Panel Discussions: Make Your Students the Experts in Five Simple Steps

Wednesday, January 25, 2017

One Friday night in the early fall, I was watching Real-Time with Bill Maher, a political show that brings together people from all political views to discuss topics of the day in a panel format. Because my teacher-brain is always on the go, I had a vision of my classroom with my students as the expert panelists and the quick-fingered audience "Tweeters." (You know, a classroom discussion euphoria of sorts...) After some contemplation and tinkering, my vision became a reality, and it has quickly become a class favorite. The students like that they can express their opinions in several formats and how easy and fun it is to discuss with the guided open-question format.

Here's what I love about it:

1) All students are engaged because they all get a chance to be on the panel. When they're in the audience, they participate in a digital or print version of a "Twitter" chat, just like a real audience does. The panel only has four or five members, so the panel gets plenty of opportunities to discuss; once they've contributed to the discussion several times (you can determine the number), the students rotate, so new panel members come in and out.

2) My role, as the teacher, can be as big or as little as I want. I can be the moderator of the discussion, or I can hand that role over to a student.

3) The discussion is guided by the moderator, so the nature of the discussion is targeted, on-level for the grade/ability level, and content-focused.

4) It is so easy to set up.

To save even more time, you can download my participation tracker, rubric, nameplates/note page, and 20 discussion-starter questions by signing up for my newsletter:

Step 1:

Begin by making copies of the rubric, participation tracker, participation tracker number line, and name plate/notes. Each student needs one copy of each.

Step 2:

Then, decide on the number of students you want on the panel. Four or five students is a good number for my class. Less than four students makes it hard to generate discussion; More than five students makes it challenging to give everyone an equal turn.

Step 3:

Compile a list of topics for discussion. I like to use topics that focus on a central theme or concept for the work as a whole. For example, when I teach Macbeth, my topics are sleep, guilt, the role of women, revenge, the struggle for power, and supernatural elements. I give each student a topic or two and instruct them to become an expert on those topics. At this point, students should fill out their nameplate with their name and expertise (their topics). Additionally, they may take notes on their topics on the back of the nameplate. This makes it easy for them to view their notes as the nameplate will follow them during the discussion.

I also like to give them my Literary Theory Checklist, so they can think about what literary theories apply to the given work. It gives them multiple perspectives to bring to the panel. You can check it out here.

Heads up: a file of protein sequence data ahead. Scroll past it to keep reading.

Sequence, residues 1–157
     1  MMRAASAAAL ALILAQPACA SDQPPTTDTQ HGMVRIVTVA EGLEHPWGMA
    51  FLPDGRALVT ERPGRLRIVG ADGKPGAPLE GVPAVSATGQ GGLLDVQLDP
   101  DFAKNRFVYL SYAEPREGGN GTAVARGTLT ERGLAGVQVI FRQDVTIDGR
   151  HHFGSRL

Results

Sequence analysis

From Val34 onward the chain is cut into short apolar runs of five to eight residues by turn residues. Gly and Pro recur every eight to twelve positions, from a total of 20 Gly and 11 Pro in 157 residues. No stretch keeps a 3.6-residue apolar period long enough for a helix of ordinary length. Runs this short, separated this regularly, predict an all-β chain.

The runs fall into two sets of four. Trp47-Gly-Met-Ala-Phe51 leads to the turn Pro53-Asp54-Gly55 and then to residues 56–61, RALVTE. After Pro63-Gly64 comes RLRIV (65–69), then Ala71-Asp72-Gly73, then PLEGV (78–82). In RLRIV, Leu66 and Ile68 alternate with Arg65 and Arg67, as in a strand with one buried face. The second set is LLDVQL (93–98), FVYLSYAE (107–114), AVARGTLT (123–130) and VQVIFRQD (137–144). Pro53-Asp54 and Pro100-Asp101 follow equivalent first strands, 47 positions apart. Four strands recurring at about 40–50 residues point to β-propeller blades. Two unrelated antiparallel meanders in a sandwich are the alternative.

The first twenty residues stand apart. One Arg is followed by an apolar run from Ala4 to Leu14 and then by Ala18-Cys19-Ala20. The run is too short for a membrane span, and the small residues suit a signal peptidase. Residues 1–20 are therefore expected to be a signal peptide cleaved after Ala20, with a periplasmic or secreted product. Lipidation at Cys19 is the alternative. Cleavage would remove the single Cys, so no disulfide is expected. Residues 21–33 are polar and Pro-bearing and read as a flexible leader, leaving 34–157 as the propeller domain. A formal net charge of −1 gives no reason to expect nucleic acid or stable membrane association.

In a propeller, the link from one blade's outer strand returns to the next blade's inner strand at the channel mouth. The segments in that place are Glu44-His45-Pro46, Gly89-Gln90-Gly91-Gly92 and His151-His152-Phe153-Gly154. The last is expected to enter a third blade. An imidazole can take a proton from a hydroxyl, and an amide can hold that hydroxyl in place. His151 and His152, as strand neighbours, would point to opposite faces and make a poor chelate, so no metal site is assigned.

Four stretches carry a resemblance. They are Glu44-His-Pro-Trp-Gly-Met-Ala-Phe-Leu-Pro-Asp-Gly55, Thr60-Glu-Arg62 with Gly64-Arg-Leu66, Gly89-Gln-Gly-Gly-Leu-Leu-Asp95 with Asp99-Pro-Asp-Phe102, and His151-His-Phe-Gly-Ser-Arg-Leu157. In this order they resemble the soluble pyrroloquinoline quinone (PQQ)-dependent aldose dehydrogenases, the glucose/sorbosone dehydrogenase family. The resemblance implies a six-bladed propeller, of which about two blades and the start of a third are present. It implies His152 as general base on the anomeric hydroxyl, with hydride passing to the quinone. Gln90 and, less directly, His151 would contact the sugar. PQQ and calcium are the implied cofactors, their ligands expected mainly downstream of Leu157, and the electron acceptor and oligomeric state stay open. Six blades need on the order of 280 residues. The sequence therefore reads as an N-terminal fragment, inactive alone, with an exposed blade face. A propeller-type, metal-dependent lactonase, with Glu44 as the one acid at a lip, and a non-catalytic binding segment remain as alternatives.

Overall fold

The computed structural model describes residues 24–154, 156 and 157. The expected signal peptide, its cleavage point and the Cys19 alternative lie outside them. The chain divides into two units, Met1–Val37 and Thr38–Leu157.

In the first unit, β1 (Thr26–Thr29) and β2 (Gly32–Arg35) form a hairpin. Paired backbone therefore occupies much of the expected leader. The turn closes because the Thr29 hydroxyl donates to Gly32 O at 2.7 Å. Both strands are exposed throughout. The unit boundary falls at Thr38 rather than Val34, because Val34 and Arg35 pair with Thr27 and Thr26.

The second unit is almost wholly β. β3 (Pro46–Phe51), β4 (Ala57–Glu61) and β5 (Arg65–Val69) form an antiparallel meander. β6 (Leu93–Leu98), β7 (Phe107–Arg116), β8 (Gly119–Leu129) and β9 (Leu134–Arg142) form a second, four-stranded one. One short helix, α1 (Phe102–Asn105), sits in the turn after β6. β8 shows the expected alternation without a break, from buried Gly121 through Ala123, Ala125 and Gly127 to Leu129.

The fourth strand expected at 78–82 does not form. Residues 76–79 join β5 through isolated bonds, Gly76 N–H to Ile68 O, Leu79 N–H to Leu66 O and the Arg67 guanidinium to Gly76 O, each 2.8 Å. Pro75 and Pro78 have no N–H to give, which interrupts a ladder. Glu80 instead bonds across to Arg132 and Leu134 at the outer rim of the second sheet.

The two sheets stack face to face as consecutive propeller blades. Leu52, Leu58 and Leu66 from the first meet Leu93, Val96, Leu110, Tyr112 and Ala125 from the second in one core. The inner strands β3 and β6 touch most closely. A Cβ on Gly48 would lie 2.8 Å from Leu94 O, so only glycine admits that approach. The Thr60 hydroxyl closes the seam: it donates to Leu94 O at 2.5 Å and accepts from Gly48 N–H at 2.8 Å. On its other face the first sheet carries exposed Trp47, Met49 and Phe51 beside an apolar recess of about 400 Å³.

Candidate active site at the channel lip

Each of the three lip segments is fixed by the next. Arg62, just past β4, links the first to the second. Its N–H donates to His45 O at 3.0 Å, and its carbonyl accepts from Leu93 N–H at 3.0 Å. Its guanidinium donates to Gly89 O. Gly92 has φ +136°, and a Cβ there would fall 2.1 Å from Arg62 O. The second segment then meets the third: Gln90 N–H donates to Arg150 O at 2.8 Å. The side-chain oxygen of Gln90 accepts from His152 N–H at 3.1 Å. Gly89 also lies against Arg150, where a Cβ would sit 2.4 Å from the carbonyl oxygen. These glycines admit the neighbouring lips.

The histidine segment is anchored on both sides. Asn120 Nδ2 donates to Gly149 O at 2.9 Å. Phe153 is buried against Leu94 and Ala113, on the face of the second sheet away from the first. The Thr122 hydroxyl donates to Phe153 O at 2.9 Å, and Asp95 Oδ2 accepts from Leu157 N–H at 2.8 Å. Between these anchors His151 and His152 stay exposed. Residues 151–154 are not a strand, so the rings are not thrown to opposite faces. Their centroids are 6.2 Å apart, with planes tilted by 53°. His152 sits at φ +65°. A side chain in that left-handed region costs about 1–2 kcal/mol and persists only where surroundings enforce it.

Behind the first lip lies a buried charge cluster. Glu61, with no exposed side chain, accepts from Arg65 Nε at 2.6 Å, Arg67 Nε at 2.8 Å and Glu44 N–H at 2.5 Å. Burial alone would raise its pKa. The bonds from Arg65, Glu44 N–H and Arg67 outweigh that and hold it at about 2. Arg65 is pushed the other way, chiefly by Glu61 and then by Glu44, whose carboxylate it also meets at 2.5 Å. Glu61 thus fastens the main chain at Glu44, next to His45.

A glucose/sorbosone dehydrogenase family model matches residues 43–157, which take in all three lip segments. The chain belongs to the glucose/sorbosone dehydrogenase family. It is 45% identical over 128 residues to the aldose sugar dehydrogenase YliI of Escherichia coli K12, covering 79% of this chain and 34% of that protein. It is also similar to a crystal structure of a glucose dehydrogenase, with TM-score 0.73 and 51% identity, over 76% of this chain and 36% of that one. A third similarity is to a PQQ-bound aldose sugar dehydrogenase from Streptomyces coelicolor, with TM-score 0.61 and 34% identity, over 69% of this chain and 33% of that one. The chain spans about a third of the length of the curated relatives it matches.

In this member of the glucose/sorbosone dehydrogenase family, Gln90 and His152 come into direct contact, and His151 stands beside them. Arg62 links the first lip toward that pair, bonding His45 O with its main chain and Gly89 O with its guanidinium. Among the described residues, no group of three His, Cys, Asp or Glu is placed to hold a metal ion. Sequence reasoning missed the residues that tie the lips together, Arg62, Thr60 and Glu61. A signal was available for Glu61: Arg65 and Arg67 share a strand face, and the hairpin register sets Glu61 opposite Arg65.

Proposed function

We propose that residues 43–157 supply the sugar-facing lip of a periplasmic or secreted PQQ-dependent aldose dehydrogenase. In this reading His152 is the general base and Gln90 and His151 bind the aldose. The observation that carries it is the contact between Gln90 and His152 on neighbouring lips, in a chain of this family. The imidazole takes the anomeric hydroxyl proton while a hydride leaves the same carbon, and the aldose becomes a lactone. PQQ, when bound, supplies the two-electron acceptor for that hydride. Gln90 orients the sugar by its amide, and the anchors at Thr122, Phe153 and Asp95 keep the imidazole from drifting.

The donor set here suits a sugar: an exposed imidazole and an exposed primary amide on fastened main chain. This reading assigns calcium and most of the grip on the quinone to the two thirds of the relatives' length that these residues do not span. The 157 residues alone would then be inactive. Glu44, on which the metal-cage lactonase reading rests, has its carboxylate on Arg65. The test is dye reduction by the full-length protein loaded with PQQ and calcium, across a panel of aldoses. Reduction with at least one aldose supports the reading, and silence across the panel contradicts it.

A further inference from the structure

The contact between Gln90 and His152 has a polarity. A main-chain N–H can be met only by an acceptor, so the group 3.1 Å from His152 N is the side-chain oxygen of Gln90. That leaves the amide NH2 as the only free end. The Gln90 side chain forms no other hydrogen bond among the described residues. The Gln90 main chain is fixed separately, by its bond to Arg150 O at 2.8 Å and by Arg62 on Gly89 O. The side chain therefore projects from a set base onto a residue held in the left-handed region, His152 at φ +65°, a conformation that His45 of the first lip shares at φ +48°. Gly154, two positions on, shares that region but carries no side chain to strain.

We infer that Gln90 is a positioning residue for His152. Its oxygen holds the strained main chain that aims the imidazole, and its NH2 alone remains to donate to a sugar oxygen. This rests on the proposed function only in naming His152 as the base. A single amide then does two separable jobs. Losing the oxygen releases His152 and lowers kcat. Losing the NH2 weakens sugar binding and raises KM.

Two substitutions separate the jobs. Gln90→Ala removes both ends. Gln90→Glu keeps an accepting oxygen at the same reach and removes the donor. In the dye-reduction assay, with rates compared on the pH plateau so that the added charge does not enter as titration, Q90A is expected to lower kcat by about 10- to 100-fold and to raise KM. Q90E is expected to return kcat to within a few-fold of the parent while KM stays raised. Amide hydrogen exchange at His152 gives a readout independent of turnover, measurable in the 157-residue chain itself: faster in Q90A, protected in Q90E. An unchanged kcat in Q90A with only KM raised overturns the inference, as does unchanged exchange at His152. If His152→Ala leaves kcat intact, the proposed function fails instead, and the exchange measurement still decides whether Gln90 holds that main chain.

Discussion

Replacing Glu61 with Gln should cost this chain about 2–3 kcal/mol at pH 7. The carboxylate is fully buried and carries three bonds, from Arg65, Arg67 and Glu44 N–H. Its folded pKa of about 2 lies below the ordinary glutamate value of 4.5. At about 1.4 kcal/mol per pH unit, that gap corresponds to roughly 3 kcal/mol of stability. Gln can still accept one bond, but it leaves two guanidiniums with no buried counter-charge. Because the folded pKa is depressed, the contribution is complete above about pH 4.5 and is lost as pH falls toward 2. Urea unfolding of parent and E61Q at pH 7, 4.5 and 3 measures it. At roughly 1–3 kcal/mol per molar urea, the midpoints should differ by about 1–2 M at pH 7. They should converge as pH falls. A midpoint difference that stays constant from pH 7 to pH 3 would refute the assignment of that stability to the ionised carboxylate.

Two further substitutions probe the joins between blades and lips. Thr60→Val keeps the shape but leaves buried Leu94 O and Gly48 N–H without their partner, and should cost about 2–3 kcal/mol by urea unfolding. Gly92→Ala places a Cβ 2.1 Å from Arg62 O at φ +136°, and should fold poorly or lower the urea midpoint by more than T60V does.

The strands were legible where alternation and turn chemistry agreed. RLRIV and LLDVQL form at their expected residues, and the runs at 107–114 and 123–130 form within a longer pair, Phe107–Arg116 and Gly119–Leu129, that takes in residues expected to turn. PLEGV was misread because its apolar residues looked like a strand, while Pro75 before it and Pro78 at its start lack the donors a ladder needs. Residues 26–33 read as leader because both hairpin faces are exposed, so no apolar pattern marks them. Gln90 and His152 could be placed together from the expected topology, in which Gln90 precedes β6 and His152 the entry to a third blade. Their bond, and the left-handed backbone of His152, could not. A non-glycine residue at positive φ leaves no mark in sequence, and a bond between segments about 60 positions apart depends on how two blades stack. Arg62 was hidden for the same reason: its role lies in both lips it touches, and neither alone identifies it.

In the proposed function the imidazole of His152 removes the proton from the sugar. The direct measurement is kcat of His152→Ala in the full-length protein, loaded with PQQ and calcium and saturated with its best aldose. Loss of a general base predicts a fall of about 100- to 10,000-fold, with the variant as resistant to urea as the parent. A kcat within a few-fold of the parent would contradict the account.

Step 4:

To prepare for your end as the teacher/moderator, print the example questions included and/or create your own. I use “cue cards” to help keep me organized. After practice, you may decide to have a student moderate the discussion.

Step 5:

On the day of the panel discussion, put together a group of four or five desks for your panel and another desk facing the panel for the moderator. The “audience” should be seated in front of the panel. Give each student a participation card to keep track of his/her meaningful contributions to the discussion.

Assign the audience a silent discussion. Either, they can work in pairs to comment on the panel discussion by passing a piece of paper back and forth, or you can create a backchannel chat for students if they have access to the internet. My favorite backchannel chat is Today’s Meet. Once a student has met the criteria for his/her contributions to the discussion, he/she should change places with a student in the audience. Continue this process until each student has had a chance to participate on the panel.

One of my current favorite tech tools is a website called Today's Meet. It's a free backchannel chat that I use with my students during discussions. In short, I set it up in seconds and the students chat in this backchannel while other classroom activities are going on. I used it for our Panel Discussion this week. Students who weren't part of the panel chatted about the discussion in this backchannel. ๐Ÿ’ป It's a lot of fun, and I love getting the whole class involved. They can chat from their cell phones, tablets, lap tops, or Chromebooks.๐Ÿ“ฑ I'm planning a blog about how I use it with my panel discussions, so stayed tuned if you'd like to know how the panel discussion works. ๐Ÿ˜‰ Make sure you check out #igforpdtech ๐Ÿ“ธ for more great tech ideas! @igforpd #igforpd
A photo posted by Dr. Jenna Copper (@doc_cop) on

Here's an example of Today's Meet that I posted on my Instagram account after our panel discussion on King Lear. This post was part of a fun PD series we're doing on Instagram. If you love all things teaching, find me on Instagram (@doc_cop) and search the hashtag #igforpd.

I hope you and your students enjoy this panel discussion! I'd love to hear from you!

1 comment:

  1. I love this! I absolutely know what you mean about "teacher brain" always connecting everything everywhere to the classroom. I can't imagine students being any less than fully engaged with this creative activity. So glad you linked up with me at Spark Creativity! Hope to see you next Tuesday!


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